The people in your business are the heart of your company’s security.
In this lesson, we’ll look at how you can help your employees protect your business, through training, resources, and a strong security culture.
When it comes to security training, make sure it’s regular, targeted and comprehensive.
Keep employees up to date on the latest company policies and guidance, as well as their own individual responsibilities. Tailor training for each role so employees learn about situations they’ll encounter in their specific jobs. Finally, make sure you cover how to spot a security problem, how to report it, and what to do if something goes wrong.
Let’s take a look at a couple of examples of training you could provide.
Setting strong passwords should be standard company practice. Remind your employees that it’s their responsibility to set a strong password for their corporate accounts.
Apart from making passwords difficult to guess, make sure everyone in your business uses a different password for each account or service, and NEVER uses the same passwords for personal and work accounts. Using different passwords means that even if someone figures out a password for one account, they can’t use it to access other accounts.
You should also make sure employees know they must never share passwords or accounts with each other.
A common security problem to be aware of is phishing.
Phishing is when someone tries to trick you into sharing personal information online. It’s typically done using email, ads, or sites designed to look like they come from legitimate businesses you already deal with.
For example, an employee might get an email that looks like it’s from his bank asking him to confirm his bank account number.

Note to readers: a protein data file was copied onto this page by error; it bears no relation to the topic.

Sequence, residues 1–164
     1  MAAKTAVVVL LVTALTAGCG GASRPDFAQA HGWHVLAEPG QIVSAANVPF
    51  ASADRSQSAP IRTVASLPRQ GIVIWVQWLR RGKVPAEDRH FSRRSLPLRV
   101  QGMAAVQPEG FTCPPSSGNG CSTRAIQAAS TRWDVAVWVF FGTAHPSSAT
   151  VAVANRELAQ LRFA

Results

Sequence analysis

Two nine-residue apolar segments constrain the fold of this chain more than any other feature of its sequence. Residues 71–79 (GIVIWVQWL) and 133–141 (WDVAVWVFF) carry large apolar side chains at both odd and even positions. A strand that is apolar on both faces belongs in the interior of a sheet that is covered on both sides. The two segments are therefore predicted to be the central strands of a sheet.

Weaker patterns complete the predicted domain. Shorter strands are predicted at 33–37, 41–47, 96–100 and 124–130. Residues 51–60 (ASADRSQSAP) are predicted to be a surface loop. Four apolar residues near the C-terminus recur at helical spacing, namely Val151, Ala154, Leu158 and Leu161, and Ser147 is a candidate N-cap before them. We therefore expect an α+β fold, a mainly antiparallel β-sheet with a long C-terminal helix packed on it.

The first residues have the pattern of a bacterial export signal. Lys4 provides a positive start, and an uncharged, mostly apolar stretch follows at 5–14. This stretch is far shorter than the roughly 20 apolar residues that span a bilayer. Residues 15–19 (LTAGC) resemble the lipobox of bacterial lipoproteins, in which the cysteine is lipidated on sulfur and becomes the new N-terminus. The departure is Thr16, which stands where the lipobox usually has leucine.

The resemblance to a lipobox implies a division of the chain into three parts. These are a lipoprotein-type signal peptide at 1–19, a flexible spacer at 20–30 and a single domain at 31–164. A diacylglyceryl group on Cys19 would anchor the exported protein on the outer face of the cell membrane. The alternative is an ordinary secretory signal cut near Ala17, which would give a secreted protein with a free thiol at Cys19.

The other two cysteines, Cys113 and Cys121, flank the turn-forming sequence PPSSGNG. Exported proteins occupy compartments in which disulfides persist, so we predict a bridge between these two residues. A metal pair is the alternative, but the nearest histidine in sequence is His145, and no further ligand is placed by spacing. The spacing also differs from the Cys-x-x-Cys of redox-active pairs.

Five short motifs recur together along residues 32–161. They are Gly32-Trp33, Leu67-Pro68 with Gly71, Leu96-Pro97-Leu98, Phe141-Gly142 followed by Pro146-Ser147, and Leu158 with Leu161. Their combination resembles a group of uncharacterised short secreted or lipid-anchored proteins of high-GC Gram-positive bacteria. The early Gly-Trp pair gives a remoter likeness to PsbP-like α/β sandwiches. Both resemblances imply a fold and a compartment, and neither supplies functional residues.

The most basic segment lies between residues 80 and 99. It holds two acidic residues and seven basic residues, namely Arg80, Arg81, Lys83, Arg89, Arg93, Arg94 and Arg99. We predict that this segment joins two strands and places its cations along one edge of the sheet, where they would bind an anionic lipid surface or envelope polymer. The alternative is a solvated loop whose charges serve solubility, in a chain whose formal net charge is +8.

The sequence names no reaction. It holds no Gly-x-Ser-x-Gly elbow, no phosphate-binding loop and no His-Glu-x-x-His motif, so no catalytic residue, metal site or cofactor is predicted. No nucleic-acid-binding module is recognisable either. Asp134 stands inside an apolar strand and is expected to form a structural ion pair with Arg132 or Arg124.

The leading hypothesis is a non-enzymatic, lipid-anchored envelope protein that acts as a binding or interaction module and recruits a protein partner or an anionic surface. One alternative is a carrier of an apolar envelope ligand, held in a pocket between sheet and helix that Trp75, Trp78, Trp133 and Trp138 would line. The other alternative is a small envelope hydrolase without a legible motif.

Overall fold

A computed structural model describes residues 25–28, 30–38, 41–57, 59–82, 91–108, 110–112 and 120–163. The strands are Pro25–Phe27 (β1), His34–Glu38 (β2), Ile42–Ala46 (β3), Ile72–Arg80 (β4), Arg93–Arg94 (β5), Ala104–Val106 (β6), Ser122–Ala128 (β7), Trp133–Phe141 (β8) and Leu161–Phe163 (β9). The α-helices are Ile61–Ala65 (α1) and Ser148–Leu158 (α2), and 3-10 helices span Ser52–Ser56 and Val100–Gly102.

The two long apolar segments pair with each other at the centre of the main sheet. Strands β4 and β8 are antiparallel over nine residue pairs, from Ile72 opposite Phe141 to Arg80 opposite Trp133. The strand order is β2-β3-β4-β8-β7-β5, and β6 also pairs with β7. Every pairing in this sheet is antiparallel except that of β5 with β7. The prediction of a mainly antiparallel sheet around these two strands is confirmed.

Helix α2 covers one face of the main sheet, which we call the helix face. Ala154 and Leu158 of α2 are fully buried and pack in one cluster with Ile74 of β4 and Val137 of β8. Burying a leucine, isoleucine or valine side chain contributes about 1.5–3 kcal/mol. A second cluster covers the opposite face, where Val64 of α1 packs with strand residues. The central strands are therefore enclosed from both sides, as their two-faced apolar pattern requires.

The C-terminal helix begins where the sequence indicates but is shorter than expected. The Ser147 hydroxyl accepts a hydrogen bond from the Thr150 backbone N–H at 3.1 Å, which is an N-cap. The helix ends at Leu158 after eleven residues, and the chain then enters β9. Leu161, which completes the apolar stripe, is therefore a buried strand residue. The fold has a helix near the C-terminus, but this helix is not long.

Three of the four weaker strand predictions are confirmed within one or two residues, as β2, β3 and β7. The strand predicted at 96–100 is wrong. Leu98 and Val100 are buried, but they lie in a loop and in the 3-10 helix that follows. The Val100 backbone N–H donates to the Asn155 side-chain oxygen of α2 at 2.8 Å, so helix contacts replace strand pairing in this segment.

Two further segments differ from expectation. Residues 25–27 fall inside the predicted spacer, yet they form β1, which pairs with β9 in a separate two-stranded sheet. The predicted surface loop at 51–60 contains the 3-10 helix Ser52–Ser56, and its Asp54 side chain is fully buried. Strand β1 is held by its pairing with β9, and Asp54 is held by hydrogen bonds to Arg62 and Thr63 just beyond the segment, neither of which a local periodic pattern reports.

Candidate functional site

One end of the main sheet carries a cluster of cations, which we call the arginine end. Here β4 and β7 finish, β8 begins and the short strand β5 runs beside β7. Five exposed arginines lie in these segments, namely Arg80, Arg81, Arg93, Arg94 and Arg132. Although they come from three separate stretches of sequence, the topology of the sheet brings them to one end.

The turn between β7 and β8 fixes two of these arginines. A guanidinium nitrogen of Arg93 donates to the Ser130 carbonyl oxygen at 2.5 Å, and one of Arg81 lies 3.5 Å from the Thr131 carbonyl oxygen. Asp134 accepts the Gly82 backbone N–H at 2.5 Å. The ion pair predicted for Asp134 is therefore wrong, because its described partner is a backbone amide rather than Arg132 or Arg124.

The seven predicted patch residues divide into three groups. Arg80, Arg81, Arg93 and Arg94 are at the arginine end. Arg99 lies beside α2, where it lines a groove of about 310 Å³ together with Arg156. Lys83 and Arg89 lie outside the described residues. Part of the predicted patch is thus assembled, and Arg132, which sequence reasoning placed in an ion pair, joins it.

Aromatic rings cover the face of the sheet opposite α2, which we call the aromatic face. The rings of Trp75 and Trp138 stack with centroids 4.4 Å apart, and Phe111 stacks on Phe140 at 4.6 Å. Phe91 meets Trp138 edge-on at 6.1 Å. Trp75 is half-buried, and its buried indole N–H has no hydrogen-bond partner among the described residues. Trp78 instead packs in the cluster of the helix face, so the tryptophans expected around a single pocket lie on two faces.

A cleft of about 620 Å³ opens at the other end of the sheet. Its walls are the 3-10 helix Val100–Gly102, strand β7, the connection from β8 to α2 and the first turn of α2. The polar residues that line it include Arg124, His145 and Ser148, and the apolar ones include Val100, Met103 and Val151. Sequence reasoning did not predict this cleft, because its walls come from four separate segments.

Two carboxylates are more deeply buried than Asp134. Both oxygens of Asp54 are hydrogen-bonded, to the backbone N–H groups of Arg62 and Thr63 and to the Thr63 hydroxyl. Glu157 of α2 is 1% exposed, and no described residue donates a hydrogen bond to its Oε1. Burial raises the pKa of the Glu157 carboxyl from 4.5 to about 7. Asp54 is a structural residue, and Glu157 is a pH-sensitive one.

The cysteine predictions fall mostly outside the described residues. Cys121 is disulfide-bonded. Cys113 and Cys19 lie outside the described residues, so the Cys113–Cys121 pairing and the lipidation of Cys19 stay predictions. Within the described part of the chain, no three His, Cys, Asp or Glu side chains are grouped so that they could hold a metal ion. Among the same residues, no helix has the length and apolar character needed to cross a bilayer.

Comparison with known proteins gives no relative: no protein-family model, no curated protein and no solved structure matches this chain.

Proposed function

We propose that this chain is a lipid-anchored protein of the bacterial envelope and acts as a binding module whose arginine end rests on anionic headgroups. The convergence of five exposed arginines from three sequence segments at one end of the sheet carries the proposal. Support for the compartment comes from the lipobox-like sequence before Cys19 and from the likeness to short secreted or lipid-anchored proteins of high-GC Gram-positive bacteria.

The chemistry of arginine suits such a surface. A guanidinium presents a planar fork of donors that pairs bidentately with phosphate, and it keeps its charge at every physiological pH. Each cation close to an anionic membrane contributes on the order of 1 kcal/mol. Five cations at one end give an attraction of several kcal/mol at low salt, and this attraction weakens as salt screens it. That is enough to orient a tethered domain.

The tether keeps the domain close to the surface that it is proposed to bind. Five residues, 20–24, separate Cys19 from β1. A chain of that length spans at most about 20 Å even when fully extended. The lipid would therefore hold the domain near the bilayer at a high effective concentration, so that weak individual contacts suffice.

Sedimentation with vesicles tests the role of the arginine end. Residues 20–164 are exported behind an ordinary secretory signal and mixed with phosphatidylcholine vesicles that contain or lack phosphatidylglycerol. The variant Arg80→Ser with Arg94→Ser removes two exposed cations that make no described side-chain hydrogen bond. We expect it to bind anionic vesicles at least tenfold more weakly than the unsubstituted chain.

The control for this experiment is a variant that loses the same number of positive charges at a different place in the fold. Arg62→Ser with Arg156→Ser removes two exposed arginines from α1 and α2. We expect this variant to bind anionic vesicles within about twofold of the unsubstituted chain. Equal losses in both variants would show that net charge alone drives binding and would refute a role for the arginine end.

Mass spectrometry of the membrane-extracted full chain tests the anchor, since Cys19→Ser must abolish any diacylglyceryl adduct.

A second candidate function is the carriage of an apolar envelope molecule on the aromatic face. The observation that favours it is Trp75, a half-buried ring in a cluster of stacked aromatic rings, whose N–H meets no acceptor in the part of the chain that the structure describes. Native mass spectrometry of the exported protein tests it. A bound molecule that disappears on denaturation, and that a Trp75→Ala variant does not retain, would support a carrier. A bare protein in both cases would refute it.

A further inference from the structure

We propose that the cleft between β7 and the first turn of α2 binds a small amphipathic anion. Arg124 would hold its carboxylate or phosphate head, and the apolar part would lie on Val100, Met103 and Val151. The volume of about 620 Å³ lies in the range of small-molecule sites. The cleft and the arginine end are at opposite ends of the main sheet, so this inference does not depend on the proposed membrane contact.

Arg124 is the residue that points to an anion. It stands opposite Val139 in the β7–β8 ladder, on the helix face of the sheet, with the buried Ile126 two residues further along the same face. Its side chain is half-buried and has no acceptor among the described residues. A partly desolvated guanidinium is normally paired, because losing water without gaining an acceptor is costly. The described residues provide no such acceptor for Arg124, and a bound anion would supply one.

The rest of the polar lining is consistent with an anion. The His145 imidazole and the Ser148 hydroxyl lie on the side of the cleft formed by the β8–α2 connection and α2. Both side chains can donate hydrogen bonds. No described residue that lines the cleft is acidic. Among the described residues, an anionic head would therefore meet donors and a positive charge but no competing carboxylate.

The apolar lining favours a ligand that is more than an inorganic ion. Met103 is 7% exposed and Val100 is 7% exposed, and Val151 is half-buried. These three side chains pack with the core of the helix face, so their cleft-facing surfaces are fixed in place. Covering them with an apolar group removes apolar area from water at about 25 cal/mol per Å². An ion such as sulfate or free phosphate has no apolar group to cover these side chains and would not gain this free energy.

Remind your employees to be careful when clicking on email attachments, downloading files or visiting new URLs. Advise them not to click on links in unsolicited emails, and to look out for suspicious sender email addresses and email signatures.
There are other steps you can take to minimise the risk of successful phishing attacks, such as implementing 2-step verification.
In addition to training, ensure your employees have access to security-related policies, practices and guidance whenever they need it. For example, you could establish an internal website where security information and training course material is published so your employees can refresh their knowledge. It’s also worth publishing the contact details of a designated mailbox or security specialist who can answer questions or concerns.
Training and resources are a great start, but it’s just as important to make sure your company has a strong security culture. People working in a company with a strong security culture understand that everyone plays a role in the security of their business.
When you have a strong security culture, employees feel able to report concerns or mistakes without fear of blame. Instead of pointing fingers, you’ll focus on identifying and resolving problems quickly and efficiently, and then look at how to prevent similar problems happening again. Talk with employees regularly about security, encourage them to share any concerns honestly and directly, and ensure your company leadership are modeling good security behaviors.
When it comes to the security of your business, your employees are your first line of defence. Training them and providing them with the resources they need to help protect your business online will help to develop an overall culture that is more security focused.
Think about the security culture in your business. How can you improve your business's security culture, training and resources so that you and your employees are better prepared?
- examples of training topics, including password security and phishing
- the importance of providing employees access to training resources
- how nurturing a strong security culture can benefit your business